Other methodologies inform us of the dynamics and the role played by use in the lives of users not included in these statistics because they have no fixed abode or are in prison, who belong to the world of the marginalized. They experience social suffering caused by adversity to the detriment of a sense of purpose in their lives. This is a field that requires specialized treatment and support centers that meet their needs and deal with their precariousness, as can be seen in the review of inhalants (Medina-Mora et al., 2014) and in recent studies on crack (Natera et al., 2019). In these populations, research shows that no treatment has been fully successful. Those who have sought it and found it useful have temporarily stopped using, which is beneficial for their health. However, they are continuously exposed to various alternatives, which shows just how difficult it is to stop using crack and inhalants. It is essential to engage in a conversation with other disciplines such as economics, sociology and anthropology, for example, on the concept of the body, for which metaphors are often used. However, little has been done on the scientific construction of this area.

Many issues remain to be addressed in terms of populations such as migrants, indigenous populations where excessive alcohol use, amounting to 10.1% in 2008, is regarded as natural and part of the culture. This has consequences for the family, particularly women and children, for whom the lack of care is particularly severe. In these settings, violent acts against women and children are common, the suffering of victims is tolerated and the victimizer is justified because of the belief that because he is a man he has to drink “as if they followed rules that tell them what to do and how to do it,” relieving them of any responsibility of having to limit their use, or teaching their children to delay the age of onset. They feel that the latter is not an activity that concerns them (Natera-Rey, 2017).

Given the harm alcohol use causes others, treatment is required since alcohol use negatively impacts mental and physical health, the family economy and interpersonal relationships, encouraging violence. It is essential to help families cope with this situation, for which they are not necessarily responsible (Natera et al., 2009).

I do not wish to overlook the fact that there are still fuzzy moral concepts, by which I do not mean the beliefs of users but of rather those who serve them and of the general population, who judge them. This prevents those who need it from seeking treatment or means that the latter is unsuccessful due to the lack of legitimate empathy from the health professional, who also stigmatizes them. Heavy alcohol or drug users, especially those with limited resources, are people who have been extremely vulnerable and attacked due to the context. They experience a loss of identity and social inequality and are unemployed or underemployed, with no chance of escaping from this situation.

It is impossible during the period we are all experiencing to avoid reflecting on the effect of worldwide confinement due to COVID 19, and substance use. Fortunately, now as never before, the health sector has emphasized and developed care for mental health and substance use, which may involve confinement, restrictions on physical and social distancing and the unfortunate possibility of family violence. Affecting human ties causes frustrations, feelings of anxiety, depression and anguish, which could have an impact on the increase in alcohol and drug use. Accordingly, some states declared prohibition while others restricted the sale of alcohol. Beer production was suspended during the most critical period of the epidemic for being an unnecessary activity. Due to the lack of available alcohol and the reduction of people’s purchasing power, methanol began to circulate with deadly consequences, which have not yet been fully quantified yet which, according to the news, claimed 300 victims. Bootleg alcohol, which has always existed, particularly during periods of scarcity, is an issue that has rarely been studied yet must be explored due to the amount of adulterated drinks that are continuously created.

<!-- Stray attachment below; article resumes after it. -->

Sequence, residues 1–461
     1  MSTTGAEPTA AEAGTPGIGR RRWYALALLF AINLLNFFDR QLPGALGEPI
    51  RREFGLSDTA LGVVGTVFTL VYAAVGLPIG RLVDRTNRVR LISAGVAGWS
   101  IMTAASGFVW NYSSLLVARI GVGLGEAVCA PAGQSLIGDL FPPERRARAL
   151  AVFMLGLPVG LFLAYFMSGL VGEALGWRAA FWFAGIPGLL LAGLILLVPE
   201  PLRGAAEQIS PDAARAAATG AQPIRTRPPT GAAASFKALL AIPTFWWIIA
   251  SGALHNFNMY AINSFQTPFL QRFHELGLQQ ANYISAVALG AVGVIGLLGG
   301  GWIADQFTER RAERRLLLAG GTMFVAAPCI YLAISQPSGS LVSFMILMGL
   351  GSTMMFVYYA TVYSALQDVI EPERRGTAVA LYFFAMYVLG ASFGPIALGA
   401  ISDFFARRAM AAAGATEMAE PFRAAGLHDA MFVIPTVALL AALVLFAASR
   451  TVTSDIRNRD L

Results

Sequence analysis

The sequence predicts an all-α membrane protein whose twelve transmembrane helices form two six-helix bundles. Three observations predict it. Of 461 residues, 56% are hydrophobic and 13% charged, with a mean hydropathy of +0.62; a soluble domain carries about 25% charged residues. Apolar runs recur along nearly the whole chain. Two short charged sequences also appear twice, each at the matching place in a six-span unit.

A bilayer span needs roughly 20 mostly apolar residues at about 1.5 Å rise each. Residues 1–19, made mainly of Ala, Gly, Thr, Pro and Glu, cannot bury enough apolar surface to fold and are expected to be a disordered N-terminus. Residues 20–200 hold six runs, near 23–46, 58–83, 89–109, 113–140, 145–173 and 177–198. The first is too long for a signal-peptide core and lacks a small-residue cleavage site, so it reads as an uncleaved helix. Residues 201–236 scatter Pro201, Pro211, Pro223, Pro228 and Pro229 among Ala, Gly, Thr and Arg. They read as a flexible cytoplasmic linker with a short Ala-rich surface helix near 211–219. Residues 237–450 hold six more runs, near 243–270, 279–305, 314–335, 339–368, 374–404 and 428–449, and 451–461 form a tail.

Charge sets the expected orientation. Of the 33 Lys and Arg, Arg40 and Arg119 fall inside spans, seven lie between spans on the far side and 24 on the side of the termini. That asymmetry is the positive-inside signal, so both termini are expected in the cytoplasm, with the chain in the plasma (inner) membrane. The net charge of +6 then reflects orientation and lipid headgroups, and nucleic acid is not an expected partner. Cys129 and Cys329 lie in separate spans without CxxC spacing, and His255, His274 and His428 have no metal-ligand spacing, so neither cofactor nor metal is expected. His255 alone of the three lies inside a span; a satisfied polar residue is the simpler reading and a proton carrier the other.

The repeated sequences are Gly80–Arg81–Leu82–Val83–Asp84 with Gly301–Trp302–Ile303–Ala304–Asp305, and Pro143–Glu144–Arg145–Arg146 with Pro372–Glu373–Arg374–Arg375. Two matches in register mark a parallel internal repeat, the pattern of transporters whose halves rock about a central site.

A team of researchers from the Institute undertook a timely survey to measure variations in alcohol use before and during confinement (Tiburcio-Sainz et al., 2020). Preliminary analyses show that 23.3% of respondents began using substances, while 5.5% started using alcohol. Men doubled their daily alcohol use, from 8.6% to 16.6%, while women tripled it from 4.1% to 15%. This does not refer to the amount used, the reasons for which we will know later, but the stress caused by uncertainty, anxiety and frustration undoubtedly played a role. Restricting use in the private sphere necessarily affects the public sphere, raising the question of whether alcohol-related accidents and street violence declined.

Is there an answer to the problem alcohol and drug use that claims so many lives? Are primary relationships and upbringing part of the solution? Does having emotionally close parents or at least a mother from birth help? What can be done if the mother has experienced vulnerability? Does school provide a second chance? Does this require understanding the psychosocial and cultural context? This is not an easy issue to solve. The state must commit to controlling availability and addressing social determinants, so that the lack of state intervention does not prevent the population from envisaging alternatives.

Finally, figures yield valuable information but still fail to provide an in-depth understanding of drug related societal problems. As Han (2015) says “They can lull us into a false sense of security and believe that we grasp the situation; it is a form of atomization of life that leads to the atomization of identity”. His apt remarks underline the fact that there is an enormous need to expand integrated research in the vast field of health.